The massive spotlight the Kony 2012 campaign shines on LRA atrocities leaves indications of the Ugandan army’s crimes in the shadow. Some locals are asking a logical question. If Kony goes to the International Criminal Court, what about President Museveni?
By Arne Doornebal, Kampala
Joseph Kony and his Lord’s Resistance Army (LRA) are ultimately a pawn in the game of power between Uganda’s northerners and southerners. The Kony 2012 film portrays the LRA as it is widely known: slicing off the ears of people who don’t listen, swiping away the lips of those who can’t keep quiet. Director Jason Russell tells his five-year-old son in the documentary – and, through him, the over one hundred million viewers who have so far watched it – “Can I tell you the bad guy’s name? This is the guy: Joseph Kony.”
But many in northern Uganda hold a different view. Various researchers believe the warring parties have both committed crimes.
History of the conflict
“This conflict is too complex to describe it as a ‘good guy’-versus-‘bad guy’ story,” says Chris Dolan, who wrote his PhD dissertation on Northern Uganda and now heads the Refugee Law Project, a research institute at Makerere University.
Kony originates from the Acholi, the largest tribe in northern Uganda. During colonial rule, the British considered them and other Nilotes great warriors, worthy of being brought into the army in large numbers.
After Uganda gained independence, 50 years ago, power shifted back and forth between northerners and southerners. Each transition brought bloodshed. Certain periods saw the Acholi flourish. Others, like the 1970s under Idi Amin, resulted in their murder. In 1986, following a five-year war against an Acholi-dominated national army, a young Yoweri Museveni and his rebel National Resistance Army (NRA) fought their way to rule.
Forced into camps
Visitors to Uganda in the early 2000s would find large camps in the north of the country. These were places for IDPS, internally displaced persons, who were running from Kony. “But in fact it was the Ugandan army forcing the people into those camps,” says Dolan.
After Museveni’s takeover, several rebel movements sprang up in the north. One of them became Kony’s LRA.
In 1996, the war intensified. Forced displacement began. “People were often given a 24-hour notice to leave their homes. When they were not quick enough, they were shelled,” says Dolan. “People were literally bombed into the camps. Sometimes the army started bombing before their own deadline had expired.”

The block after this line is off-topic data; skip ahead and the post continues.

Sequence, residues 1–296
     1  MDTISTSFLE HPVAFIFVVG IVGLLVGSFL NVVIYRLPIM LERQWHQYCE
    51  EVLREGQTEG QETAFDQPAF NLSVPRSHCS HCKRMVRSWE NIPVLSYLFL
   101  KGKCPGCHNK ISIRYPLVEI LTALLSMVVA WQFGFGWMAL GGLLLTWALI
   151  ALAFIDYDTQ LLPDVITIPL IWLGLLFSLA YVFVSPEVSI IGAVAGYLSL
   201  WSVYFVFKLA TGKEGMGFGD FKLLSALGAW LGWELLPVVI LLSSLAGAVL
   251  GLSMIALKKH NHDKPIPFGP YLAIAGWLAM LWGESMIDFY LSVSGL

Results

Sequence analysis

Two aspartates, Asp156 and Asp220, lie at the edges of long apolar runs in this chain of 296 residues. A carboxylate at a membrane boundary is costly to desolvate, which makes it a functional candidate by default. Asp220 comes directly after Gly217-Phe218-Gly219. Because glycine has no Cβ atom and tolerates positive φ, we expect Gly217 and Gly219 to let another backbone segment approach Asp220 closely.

“They even used the air force,” says Acholi journalist Sam Lawino about the displacement in his home region of northern Uganda. “The Ugandan President should face international justice for those crimes.”
Though the government ordered people to enter for their own protection, “the camps were poorly protected,” Dolan points out. “The army was based in the middle. Several times the rebels attacked the outer rings of the camps, killed and abducted people and got away with it.”
IDP camps were overcrowded, unhealthy. “These were in fact concentration camps,” wrote Ugandan journalist Andrew Mwenda in ‘The Lord’s Resistance Army: Myth and Reality’, the 2010 book in which various journalists and scholars analyze the LRA. World Health Organization research from 2005 shows over a thousand people died every week in the camps due to poor living conditions. Yet, according to Mwenda: “The rebels did not have the capacity, let alone the will, to kill 1,000 people per week.”
Profiting from war
How could the conflict go on for so long?
“The war has continuously presented opportunities which Museveni and his military have exploited to their advantage,” Mwenda wrote in the aforementioned book.
Like many people in Uganda, Dolan is convinced Uganda lacks the determination to capture Kony. “An American military advisor told me in the late ’90s that they had offered to take out Kony. But Uganda refused.”
A planned genocide?
Acholi politicians have often argued that it isn’t right for the International Criminal Court (ICC) to prosecute Kony and his top commanders, while letting the Ugandan army walk free. One of them is Olara Otunnu, who actually gave a dossier about the conflict in the north to ICC chief prosecutor Luis Moreno-Ocampo when he visited Uganda in 2010. Otunnu claims a genocide was planned by the government against the people of northern Uganda, something strongly denied by the state.
“The majority of the crimes committed by the Ugandan army happened in the late ’80s and early ’90s,” explains Dolan.
The Refugee Law Project found witnesses of crimes willing to speak on camera. “We found that gang rapes of Acholi men have been committed by the Ugandan army. Those were not individual acts. The victims said they were allocated to certain men, meaning it was planned. The men who refused to be raped were shot.”
According to Lawino: “If Kony goes to the ICC, then also Museveni should go.”